Make Your Garden Work Fill Up Your Piggy Bank

Gardening is a wonderful hobby, and you may not relish the idea of turning it into a job. However there are ways in which  you can enjoy your garden whilst making a little money from it too.

Anyone with a garden has the potential to earn money, all that is needed is a little imagination, some homemade compost,  and a polytunnel, and even without these there are ways you can still profit from your pottering.

Pot for Profit

The most obvious route is collecting the seed heads, as the marigold, petunias, pansies and calendulas go to seed in the
autumn, you can collect the bounty and store them somewhere dry. In the spring pot them with a mixture of your compost and some potting compost in used flower pots, and set up a little sign at the end of your drive with a table with plants for sale.

If this seems like too much of an effort, buy some tiny brown envelopes and divide seeds equally between each one. Labelling carefully with a short description along with a one line instruction, you’ll be able to sell your harvest without ever getting your hands dirty.

Split for Victory

Splitting mature plants too makes a tidy profit. Your chrysanthemums, artichokes, grasses and aubrietia will all look fabulous in a pot, and prettier than a garden center, while the flowers left behind will soon grow to the same size again with the extra root space.  Another idea is making produce from your product.  Anyone with an established bramley apple tree or plum tree will know that they give away apples to save them rotting on the floor. There are a myriad of recipes to use these fruits, such as jams, chutneys and jelly’s that will look great in canning jars, and gift wrapped nicely you could find yourself earning a pretty penny indeed.

Almost any vegetable can be made into a chutney, with the courgette and runner bean chutney being a popular choice this year. With a few of the larder essentials such as vinegar and sugar, you can put them in sterilized jars topped with wax paper, cellophane, fabric and ribbon of your choice, they’ll look amazing on any kitchen shelf, and taste even better.

Deft with Design

If you’re deft with design, try your hand at planting hanging baskets for others. Investing in some hessian, a few hanging baskets and using seeds from your own garden; you can create stunning displays that will soon be snapped up as the word spreads.

Then of course there’s the veggie plot. Leave nothing to waste. If you find you’re feeding more than your family with your produce, slap a sticker on it, label the price and sell at a farmers market with the jams, the hanging baskets and the seeds, or quite simply, have a rolling cart you can pull to the end of your drive, with a sign, whenever it’s walking weather and you’re feeling sociable!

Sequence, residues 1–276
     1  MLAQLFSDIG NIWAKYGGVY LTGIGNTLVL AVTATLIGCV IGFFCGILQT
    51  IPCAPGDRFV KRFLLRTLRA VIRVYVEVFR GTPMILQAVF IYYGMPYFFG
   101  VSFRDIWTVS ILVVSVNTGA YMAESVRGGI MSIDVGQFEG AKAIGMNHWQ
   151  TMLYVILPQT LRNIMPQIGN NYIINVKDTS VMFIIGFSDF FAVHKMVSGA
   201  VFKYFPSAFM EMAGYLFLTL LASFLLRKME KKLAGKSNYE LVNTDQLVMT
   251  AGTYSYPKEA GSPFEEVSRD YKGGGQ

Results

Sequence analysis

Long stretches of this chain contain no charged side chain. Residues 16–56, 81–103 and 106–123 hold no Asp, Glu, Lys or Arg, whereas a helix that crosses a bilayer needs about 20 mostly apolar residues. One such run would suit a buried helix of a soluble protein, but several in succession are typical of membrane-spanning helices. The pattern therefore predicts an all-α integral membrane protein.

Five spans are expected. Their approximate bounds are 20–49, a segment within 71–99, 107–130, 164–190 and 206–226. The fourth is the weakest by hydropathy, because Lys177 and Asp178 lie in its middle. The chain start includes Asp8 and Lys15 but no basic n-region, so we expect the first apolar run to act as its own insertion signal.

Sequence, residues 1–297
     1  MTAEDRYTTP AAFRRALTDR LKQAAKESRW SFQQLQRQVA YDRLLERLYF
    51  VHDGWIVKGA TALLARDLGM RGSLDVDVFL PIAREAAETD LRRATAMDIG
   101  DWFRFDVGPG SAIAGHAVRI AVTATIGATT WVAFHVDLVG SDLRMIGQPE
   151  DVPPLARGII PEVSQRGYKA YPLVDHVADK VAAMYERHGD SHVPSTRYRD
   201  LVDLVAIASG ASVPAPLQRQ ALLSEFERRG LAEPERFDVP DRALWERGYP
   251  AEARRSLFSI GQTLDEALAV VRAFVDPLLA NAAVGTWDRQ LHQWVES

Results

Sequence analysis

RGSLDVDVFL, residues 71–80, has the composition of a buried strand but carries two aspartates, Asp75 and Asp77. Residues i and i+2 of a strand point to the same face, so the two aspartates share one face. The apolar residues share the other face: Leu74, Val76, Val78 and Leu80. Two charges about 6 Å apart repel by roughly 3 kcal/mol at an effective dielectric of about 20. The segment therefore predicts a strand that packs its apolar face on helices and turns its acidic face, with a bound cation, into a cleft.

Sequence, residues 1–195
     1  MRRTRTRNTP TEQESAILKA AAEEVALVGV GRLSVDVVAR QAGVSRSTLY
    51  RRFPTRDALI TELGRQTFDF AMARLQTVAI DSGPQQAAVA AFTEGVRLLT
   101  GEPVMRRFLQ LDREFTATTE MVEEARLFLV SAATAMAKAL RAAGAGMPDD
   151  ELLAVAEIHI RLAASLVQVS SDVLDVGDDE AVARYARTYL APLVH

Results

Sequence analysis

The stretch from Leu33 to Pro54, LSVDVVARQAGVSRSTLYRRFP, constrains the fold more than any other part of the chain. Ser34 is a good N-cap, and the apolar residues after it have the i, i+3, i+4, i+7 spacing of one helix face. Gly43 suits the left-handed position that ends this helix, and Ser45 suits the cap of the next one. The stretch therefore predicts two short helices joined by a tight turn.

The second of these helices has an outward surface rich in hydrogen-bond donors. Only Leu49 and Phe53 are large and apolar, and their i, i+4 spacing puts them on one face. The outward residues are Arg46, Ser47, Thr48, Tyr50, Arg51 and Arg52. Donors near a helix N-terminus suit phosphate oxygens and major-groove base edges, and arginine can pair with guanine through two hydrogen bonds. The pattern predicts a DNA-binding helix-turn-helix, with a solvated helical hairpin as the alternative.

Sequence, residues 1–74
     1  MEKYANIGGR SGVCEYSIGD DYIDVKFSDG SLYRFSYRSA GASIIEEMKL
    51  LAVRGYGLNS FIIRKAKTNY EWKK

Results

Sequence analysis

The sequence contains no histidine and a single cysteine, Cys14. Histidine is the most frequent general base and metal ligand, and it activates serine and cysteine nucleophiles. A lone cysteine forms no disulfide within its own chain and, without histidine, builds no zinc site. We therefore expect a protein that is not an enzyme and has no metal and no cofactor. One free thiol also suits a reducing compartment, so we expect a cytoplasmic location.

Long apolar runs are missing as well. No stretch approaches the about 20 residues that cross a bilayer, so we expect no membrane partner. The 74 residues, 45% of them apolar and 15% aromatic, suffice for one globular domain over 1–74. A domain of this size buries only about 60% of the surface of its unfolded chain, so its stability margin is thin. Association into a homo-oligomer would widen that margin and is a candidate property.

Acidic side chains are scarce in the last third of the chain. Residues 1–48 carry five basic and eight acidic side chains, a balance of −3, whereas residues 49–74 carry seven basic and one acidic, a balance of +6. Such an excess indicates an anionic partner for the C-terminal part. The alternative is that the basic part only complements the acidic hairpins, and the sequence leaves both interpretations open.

About the Author:

Humble Seed welcomes guest posts. “This post was written by Sam at Lavenderworld. Lavenderworld was launched last year and provides a wide range of products that are naturally beautiful from skincare to all kinds of plants and much, much more!”

Be Sociable, Share!


  1. My happy little hens, 17 of them, pay for their own feed and shavings. I sell a few dozen eggs/wk in our village. It just covers their costs.

    When the tomatoes were at their peak, I sold a few pounds of them at our village farmers market as well as yeast breads I baked the night before the market. That showed a little profit.

    Best of all, though, when I found our waste transfer station did not recycle the PP5 bags the chicken feed came in, I designed and manufactured 100% recycled–actually up-cycled–shopping bags. The designs on the front of the feed bags lent themselves well to this purpose, but the backs are less attractive. So I turned the material over, sewed up bags and painted the inside surface, now on the outside, with various designs. My feed and grain retailer provides me with all the empty feed bags from poultry, horses and general livestock, that I can use.

    The painted bags have been best received at those same farmers markets. Sales have been steady, and although I’ll never be rich, I’m keeping up the campaign to keep the plastic OUT of the waste stream. I encourage people to use my bags daily, and to try to bring home fewer disposable bags.

    I’ve made lots of other things from the PP5 too. Hanging tomato planters, flexible planting buckets, lunch totes, wine and gift bags have all been offered. Some sell, some don’t.

    All in all, it’s not just the food we produce in our gardens, but other useful products as well. Not just a homestead hen lover and gardener, I’m a proud recycler and resource conservationist!

Leave a Reply